Certification to boost 802.11n adoption

Finalization of Wi-Fi standard is expected to encourage wide adoption and migration of enterprise deployments to 802.11n, says Wi-Fi Alliance.

A clarification was made to this story. Read below for details.

The recent ratification of 802.11n is expected to open the floodgates to enterprise adoption of the wireless protocol, as certification is an essential checkpoint for network administrators, says the Wi-Fi Alliance.

The trade association last month approved the final 802.11n wireless LAN standard, six years after the first draft version was released.

Speaking to ZDNet Asia in a phone interview, Sarah Morris, marketing manager at the Wi-Fi Alliance, said the "assurance of certification" would encourage enterprises to go ahead with large-scale 802.11n deployments.

Noting there has been "very strong adoption of 'draft n' products to date", Morris said this was a clear indicator of interest in the N specification.

Leading up to the ratification of 802.11n, the Alliance had been already certifying products based on an earlier 802.11n draft 2.0 specification, which was released in 2007. According to Morris, 750 infrastructure products have been certified based on this draft version.

In a research note last month, Gartner predicted that list prices for 802.11n products would dip by 20 to 30 percent over the next few months as a result of the ratification.

Morris added that falling equipment prices would likely be a result of higher manufacturing volumes due to raised demand.

Irwin Lazar, vice president for communications research at Nemertes Research, said in an e-mail interview, that an increase in adoption can be expected from some customers that have been waiting for final ratification. However, he added that the biggest difference would be felt from the assurance of interoperability.

According to the Wi-Fi Alliance, 802.11n is backward-compatible with its earlier draft versions, as well as standards such as a, b or g.

With this assurance of compatibility, Lazar said, vendors can now sell 802.11n equipment to enterprises that have installed products based on earlier 802.11 standards.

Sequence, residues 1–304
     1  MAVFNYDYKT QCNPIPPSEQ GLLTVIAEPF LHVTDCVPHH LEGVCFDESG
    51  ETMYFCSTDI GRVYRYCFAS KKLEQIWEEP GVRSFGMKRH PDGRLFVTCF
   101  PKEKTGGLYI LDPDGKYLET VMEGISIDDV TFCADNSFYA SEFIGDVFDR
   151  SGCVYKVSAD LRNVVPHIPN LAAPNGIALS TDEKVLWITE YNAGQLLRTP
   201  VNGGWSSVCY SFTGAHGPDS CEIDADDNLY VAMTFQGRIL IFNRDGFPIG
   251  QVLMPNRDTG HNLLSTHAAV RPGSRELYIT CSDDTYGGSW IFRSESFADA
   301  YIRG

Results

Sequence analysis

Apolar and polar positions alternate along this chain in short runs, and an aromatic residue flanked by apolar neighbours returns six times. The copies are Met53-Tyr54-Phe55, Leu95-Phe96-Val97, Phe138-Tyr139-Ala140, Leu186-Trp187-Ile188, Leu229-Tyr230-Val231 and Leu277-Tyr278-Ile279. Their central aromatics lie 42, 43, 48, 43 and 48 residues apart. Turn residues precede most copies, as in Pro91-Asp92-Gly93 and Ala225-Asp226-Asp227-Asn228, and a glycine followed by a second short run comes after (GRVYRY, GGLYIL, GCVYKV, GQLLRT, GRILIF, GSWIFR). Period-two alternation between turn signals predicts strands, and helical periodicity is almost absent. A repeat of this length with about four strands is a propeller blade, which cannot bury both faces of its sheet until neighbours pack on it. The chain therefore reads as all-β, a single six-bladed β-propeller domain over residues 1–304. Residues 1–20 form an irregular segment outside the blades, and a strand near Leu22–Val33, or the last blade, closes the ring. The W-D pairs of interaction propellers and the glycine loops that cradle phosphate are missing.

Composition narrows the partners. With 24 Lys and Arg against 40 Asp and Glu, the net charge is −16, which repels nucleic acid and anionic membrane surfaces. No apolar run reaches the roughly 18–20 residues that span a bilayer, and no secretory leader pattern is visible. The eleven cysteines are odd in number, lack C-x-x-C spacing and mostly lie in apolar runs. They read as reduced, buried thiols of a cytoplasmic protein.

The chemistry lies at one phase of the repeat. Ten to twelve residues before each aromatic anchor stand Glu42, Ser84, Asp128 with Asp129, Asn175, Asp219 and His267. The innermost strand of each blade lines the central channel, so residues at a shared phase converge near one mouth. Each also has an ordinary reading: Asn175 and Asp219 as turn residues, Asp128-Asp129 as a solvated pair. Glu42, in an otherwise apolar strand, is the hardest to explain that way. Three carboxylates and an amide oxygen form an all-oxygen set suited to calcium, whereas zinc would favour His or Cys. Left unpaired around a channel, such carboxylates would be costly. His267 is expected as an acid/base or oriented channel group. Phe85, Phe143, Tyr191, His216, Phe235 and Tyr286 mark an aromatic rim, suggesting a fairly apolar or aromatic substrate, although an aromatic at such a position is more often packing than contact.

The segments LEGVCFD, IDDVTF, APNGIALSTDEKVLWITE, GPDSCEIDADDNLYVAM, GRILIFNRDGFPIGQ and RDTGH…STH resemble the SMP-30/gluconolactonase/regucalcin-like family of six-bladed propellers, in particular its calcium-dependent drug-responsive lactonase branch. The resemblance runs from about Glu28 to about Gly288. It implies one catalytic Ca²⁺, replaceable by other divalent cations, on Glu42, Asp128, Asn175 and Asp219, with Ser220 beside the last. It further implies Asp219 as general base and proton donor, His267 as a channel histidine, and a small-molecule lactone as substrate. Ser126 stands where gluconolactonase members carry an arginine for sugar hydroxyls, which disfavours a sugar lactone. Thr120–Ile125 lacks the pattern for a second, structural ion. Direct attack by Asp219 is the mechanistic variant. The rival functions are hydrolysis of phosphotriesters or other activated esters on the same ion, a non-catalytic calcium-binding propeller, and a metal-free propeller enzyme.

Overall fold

Interoperability between standards was a sticking point for some industry experts who advised against deploying draft-n, for fear of incompatibility with the eventual 802.11n standard.

Wi-Fi equipment maker, Aruba Networks, also advised against embarking on an enterprise-wide deployment of draft-n products, urging enterprises to hang on to their 802.11b/g equipment. However, the company later changed its position after Draft 2.0 was certified and began actively encouraging customers to adopt the new standard.

In 2007, the Alliance itself said there would be no guarantee of compatibility between products certified on draft-n and the final standard.

Site planning crucial
Because 802.11n supports throughput that is 10 times faster than the previous standard, the planning process for network site will be different for IT managers, said Morris.

She explained that 802.11n is based on MIMO (multiple input, multiple output) technology, which allows for a "much greater effective range" of each access point. This enables network managers to plan their layouts more effectively and "more optimally", in order to yield the most benefits from the migration to 802.11n, she added.

Lazar said: "802.11n supports more robust connections than earlier standards, so [enterprises] can deploy fewer access points placed further apart."

In planning their migration, companies should also take into consideration the physical characteristics of the office space layout, including legacy investments and applications that need to be supported, he said.

Clarification: A spokesperson for Aruba Networks has clarified that although the company dissuaded customers from adopting draft-n equipment, it later changed its stance when the Wi-Fi Alliance certified the Draft 2.0 standard. The article has been updated.